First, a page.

lua-users home
lua-l archive

[Date Prev][Date Next][Thread Prev][Thread Next] [Date Index] [Thread Index]

On Dec 29, 2007 2:42 AM, Zed A. Shaw <> wrote:
On Fri, 28 Dec 2007 20:19:21 -0800
Tim Kelly <> wrote:

> This is out of touch with bidding processes.  Most, if not all, independent contractors have toolkits that make their lives easier.  Those toolkits are based on underlying products.  It would be absurd for anyone soliciting an RFP/RFB to consider a developer that has toolkit based on a product that hasn't been updated in five years.  That does make you dependent on Lua's future if you choose Lua today.

Hi Tim,

I normally don't contribute on the Lua list, just a lurker who uses it
in commercial and non-commercial projects.  I read your comments here
and thought I'd toss out some wisdom.

I'm an open source developer who operates in the Ruby world with a
foot in Java, Python, and lately the Factor community.  I'm also a
professional sofware developer and have worked as a contractor for
large and small companies in many different industries, and currently
work for a bank using open source projects.

What I'd like to do is give you a little bit of advice that might
help you understand two important things about open source:

1) Why what you're asking for (and kind of demanding) is going to
irritate most creative projects.
2) How you can get what you want cheaper and more accurately
as long as you do some of the work.

> (What's wrong with setting a schedule where once a year a new release version comes out with up-to-date bug fixes and non-dramatic features appear?  As long as Lua keeps meeting this deadline, for even minor, minor adjustments, there's no question about the future.  As has been pointed out, the MBAs aren't going to know the differences behind the code.)

I've got a long essay on a very simple concept that I'm going to
compress for you so you can understand the dynamic at work here.
Imagine I break software development clients into two camps:
Collaborators and Customers.  Now imagine I then break projects into
two categories of Implementation and Invention.

Collaborators will participate daily and know what's going on because
they are there and will usually pay variable price because of a higher
tolerance of risk. Customers just want something packaged, want it now,
and will only pay a fixed price and if it isn't perfect they'll bitch.

Implementations are things you've done a billion times or that you can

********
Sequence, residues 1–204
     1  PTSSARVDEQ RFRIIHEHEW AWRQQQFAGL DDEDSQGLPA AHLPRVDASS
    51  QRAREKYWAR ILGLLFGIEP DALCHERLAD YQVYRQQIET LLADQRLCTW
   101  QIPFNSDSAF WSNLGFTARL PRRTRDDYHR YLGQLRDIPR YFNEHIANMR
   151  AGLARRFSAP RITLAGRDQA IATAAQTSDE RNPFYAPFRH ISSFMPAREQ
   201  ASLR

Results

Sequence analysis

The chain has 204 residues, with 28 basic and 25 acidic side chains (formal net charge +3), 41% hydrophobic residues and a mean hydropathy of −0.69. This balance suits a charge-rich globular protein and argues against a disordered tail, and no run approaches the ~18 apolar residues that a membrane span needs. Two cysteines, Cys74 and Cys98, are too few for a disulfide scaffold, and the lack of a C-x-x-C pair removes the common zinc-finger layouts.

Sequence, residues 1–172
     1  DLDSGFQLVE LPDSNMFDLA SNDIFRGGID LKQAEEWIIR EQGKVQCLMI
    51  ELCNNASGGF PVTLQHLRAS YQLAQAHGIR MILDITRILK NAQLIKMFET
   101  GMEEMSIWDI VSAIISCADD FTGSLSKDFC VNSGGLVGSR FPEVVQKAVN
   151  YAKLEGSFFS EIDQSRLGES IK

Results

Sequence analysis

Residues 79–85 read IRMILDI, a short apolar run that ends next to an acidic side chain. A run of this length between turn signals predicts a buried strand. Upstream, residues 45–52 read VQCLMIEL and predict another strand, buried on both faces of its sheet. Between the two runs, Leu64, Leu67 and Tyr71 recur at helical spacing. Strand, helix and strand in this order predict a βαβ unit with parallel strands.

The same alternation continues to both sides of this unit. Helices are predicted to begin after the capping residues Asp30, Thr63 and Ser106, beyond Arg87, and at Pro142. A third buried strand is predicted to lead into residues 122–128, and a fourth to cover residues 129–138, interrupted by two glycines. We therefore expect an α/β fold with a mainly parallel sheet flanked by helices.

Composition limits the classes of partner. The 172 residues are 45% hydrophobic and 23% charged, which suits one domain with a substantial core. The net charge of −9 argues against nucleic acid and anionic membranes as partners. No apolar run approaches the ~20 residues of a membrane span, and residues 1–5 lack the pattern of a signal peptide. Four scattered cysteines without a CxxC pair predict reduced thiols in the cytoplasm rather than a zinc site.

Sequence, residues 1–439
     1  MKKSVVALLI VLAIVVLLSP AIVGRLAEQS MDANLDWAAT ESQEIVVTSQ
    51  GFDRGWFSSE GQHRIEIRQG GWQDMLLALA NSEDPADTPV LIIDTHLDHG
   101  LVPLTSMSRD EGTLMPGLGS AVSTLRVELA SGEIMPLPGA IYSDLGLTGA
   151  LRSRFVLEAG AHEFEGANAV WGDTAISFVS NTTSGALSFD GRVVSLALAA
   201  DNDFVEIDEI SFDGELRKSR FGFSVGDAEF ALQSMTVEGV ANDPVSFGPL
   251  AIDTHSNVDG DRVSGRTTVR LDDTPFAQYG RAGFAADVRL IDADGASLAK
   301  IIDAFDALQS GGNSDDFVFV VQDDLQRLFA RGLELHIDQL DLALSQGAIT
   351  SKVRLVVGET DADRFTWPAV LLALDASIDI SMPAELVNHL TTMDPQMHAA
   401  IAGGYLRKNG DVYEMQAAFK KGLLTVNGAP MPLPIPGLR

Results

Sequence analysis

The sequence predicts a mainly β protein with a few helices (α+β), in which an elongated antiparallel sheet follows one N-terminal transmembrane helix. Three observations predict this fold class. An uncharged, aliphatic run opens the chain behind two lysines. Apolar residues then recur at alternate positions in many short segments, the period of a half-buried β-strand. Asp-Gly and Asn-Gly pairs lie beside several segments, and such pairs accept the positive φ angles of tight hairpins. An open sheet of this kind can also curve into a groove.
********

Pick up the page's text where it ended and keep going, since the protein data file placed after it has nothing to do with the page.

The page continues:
manufacture with a consistent process and have low risk and low
variability. Inventions are done different every time, require creative
thinking, adaptation to randomness and chaos, and generally are riskier
and variable.

In an ideal world, you pair Collaborators with Inventions, and
Customers with Implementations.  The other combinations end in
disasters and you really only find them in the corporate world where
the force of tons of cash can make those bad mixes work anyway.  In the
open source world where Darwin rules, the good projects gravitate
toward Collaborators+Inventions or Customers+Implementations, with the
former more common than the latter.

The reason some people might get upset at you is that you are saying
(or what they hear) is, "I'm a Customer dammit and I want my
Implementation planned with no risk now."  That's ungrateful and
irritating and insults their hard work.

Yet, the Lua community and developers say, "We are Collaborators
working on a grand Invention and will do what we want for the art."
That's also insulting as it says you have to be a programmer illuminati
to participate at all.

This is just the way it is, and the best projects have learned to
balance the two and still have fun and be creative in their own ways.

Now, this hopefully answers the first question:  You can't get
what you want this way because Lua is not a product to be implemented.
Lua is an invention that is constantly adapting and changing, and yes
at the whims of it's collaborators.  And, generally you can't have it
both ways.  To much implementation style (read: planning) in an
invention style project and you lose the collaborators.  I know, I've
left better projects for that many times.

And, this should hopefuly give you insight into the answer to the
second question.

If you want to know exactly what's going on, then you have to become a
collaborator in the invention, not a demanding customer of an
implementation.  When you do this--by contributing code, bug fixes,
documentation, extra projects, and chatting with the people--you get a
real time full feed of exactly what's going on and can have a chance to
influence decisions.

The tools are all there as well.  You can track the source, the blogs,
the projects on Lua Forge, the mailing lists, the IRC channels.  Hell,
a smart man like yourself could probably craft a wicked "Lua Tracking
Console" to do just this and be 100% tapped into the community you need.

Then, when you then go to bid, being able to say, "I'm a major
contributor to the Lua project and creator of 16 Lua based
projects with a direct line to the Lua community."  does much better
than if you had a time line full of lies from Roberto.

Hope that helps.

Zed A. Shaw
- Hate:
- Good:
- Evil:

This is a great look at Open Source development. Thanks for the incite.
RJP Computing < >